Cultural Tech-Fusion Fabrics

Creating a public participatory component to the ZERO1 NEA funded textile project is an exciting challenge. Assuming we get a lot of image submissions to the Flickr Group pool we create, how will I pull inspiration from these and form coherent patterns on textiles? That is the key question.  It could be a horrid jumble  if I do not start visualizing now an over arching structure to the design. The whole project could soar or fail spectacularly!

I am fortunate to have great sounding boards in the artists friends and family around me. Diana Agrabrite of the Euphrat Museum recently spent a few hours reviewing my Creative Work Fund application and the ZERO1 textile project concepts.  She challenge me to think of where cultural blending is and is not happening in the community and challenged me to find ways of expressing that in the textile design of the Creative Work Fund project application. Today I spent an hour talking with my sister, designer Lisa Whitsitt, brainstorming on the structuring of the ZERO1 textile project. I am so grateful for Diana's and Lisa's expert advise.

My sister suggested that I create a cleantheme tying all the textiles together.She referred me to a great project called Medical Herbman Cafe.  The project is a simple concept, it is easily explained and all components are seamlessly integrated and planned clearly from the beginning.

Since I was already visualizing abstracting topography elements (bird's eye view of Bay salt ponds) as a overlying structure on one of the textiles referencing both cultural blending and isolation, she suggested that I used land mapping as the super structure bringing all the imagery together into a coherent framework.

Perhaps each of the five textiles represents a different environment zone... mirroring tangible space for a place, Silicon Valley, with no real physical boundaries:
1. Fertile land burred under concrete
2.The Bay
3. Sky
4. Mountains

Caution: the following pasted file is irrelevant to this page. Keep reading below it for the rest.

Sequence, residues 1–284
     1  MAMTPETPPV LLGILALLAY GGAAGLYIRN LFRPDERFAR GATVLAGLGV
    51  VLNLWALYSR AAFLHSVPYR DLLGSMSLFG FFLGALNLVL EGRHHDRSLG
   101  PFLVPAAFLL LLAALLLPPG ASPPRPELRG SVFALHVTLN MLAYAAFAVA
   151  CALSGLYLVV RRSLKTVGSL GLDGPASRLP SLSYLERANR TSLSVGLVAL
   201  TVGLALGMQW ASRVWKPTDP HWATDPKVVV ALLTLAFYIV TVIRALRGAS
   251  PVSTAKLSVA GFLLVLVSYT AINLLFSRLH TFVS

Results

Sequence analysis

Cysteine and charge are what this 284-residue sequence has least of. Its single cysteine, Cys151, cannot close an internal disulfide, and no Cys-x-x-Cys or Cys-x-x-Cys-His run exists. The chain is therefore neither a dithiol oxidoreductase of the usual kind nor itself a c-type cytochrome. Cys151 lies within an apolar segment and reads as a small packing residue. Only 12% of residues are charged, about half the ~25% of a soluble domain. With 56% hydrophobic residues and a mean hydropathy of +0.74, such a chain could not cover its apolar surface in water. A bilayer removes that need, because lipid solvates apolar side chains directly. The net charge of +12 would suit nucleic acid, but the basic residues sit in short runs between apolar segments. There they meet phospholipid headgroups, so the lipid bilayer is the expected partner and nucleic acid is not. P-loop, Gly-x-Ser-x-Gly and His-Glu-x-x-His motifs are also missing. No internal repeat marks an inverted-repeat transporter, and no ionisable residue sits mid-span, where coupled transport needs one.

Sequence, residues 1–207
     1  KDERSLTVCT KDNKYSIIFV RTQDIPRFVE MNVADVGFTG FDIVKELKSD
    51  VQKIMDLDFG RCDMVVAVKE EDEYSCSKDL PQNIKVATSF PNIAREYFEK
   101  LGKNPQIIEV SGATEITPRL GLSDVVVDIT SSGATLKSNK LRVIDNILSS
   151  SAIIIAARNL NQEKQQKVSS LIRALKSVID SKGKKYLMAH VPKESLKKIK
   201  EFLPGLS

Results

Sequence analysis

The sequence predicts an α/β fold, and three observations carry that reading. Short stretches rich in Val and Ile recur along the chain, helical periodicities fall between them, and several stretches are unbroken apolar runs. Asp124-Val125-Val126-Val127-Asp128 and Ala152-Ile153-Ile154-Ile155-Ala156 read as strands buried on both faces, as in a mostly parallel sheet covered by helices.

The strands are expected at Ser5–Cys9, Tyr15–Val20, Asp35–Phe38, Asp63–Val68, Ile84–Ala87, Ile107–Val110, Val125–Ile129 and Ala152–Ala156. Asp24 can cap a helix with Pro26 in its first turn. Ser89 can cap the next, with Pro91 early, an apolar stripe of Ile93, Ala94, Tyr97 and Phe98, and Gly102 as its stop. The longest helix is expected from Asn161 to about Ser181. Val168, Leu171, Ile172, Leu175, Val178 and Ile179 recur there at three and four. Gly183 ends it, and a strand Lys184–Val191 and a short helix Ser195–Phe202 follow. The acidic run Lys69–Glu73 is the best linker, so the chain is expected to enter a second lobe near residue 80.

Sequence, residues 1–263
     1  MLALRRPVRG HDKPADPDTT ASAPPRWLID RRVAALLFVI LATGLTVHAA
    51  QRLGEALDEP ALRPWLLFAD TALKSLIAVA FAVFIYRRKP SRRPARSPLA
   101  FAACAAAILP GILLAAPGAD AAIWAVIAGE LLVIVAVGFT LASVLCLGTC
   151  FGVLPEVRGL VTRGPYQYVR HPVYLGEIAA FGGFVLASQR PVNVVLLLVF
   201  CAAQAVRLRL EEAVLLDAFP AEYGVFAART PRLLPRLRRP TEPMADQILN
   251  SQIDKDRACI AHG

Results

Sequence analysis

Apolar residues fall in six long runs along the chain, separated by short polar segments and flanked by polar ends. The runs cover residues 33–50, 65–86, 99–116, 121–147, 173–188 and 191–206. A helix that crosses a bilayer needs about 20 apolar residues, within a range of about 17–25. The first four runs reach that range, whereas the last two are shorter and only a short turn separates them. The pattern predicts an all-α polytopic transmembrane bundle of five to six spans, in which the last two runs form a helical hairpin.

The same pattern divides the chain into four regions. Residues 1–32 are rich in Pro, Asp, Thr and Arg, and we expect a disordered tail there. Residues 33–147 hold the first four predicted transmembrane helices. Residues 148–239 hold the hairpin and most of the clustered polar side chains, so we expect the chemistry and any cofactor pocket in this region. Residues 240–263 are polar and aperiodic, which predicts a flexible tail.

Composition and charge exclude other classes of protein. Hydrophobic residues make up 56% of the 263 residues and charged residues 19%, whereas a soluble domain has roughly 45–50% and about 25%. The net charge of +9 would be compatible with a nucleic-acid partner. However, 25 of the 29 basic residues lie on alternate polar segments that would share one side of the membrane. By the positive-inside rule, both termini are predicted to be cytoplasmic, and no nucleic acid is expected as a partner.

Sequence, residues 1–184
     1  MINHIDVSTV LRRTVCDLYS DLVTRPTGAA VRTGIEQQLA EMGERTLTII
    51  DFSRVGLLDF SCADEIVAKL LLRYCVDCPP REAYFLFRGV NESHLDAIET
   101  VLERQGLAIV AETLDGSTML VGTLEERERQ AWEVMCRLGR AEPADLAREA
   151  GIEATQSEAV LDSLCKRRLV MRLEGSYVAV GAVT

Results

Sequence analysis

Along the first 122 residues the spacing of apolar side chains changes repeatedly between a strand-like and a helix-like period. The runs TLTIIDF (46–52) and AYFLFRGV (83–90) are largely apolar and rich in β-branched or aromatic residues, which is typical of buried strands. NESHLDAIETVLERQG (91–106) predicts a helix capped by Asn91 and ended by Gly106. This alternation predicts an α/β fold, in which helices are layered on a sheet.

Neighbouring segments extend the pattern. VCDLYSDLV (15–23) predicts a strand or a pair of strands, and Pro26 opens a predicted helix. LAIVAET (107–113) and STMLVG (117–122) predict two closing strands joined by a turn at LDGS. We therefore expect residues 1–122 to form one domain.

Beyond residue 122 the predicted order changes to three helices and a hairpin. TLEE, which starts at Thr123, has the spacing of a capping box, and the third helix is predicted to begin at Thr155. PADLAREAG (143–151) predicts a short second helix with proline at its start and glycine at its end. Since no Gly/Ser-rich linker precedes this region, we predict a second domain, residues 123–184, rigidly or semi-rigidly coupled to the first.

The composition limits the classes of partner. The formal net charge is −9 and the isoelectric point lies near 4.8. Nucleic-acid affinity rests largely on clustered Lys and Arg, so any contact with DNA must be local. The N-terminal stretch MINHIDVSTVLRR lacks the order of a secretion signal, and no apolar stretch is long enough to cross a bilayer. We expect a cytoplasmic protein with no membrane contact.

5. Low bay lands

 I can work with the visual vocabulary of topography maps, timelines and maps of all sorts. This approach references back to the idea of data collection and the art of visually making sense of data. How do the images and stories that the public contribute fit into the the land? What is the interplay between the people and the land and how is the interplay expressed in patterns?

INFORMATION GRAPHICS is a specialize field of design that represents raw data into some sort of visual order. Visual order and rhythm is what I am aiming for with my textiles. The textiles need to tell a story within a meaningful structured design. There is much inspiration to be taken from information design and perhaps much to be adapted for textile design.  Smashing Magazine has good info in information graphic mapping of information. The best site I have found for visual information is Visual Complexity. I have learned a lot from this site. I am trying to figure out how to get Synesketch on my website. It is a fascinating tool that visually represent mood expressed in written text. As the site states it is the "Web's first free open-source textual emotion recognition and visualization engine."
I can easily imagine the resulting patterns as digital embroidery motifs. For my ZERO1 textile project I will ask participants to submit statements on how they feel about Silicon Valley and then I will copy statements into application to generate images and then hopefully get the designs recreated in digital embroidery.

In my web hunting I found this great site, Aharef,  (Web pages as graphs ) which has an applet that turns websites into graphics based upon the tagging, coding, links, etc. Below, I tested out how the applet visualized my websites: this site and my artist site and my artist blog. Here are the images. The images don't capture how the blooms emerge from one dot and the following nodes unfold on the stems. It is a beautiful tool to watch in action.
This website
my artist website
my artist blog started a few years back
9/1/2012 08:27:15 pm

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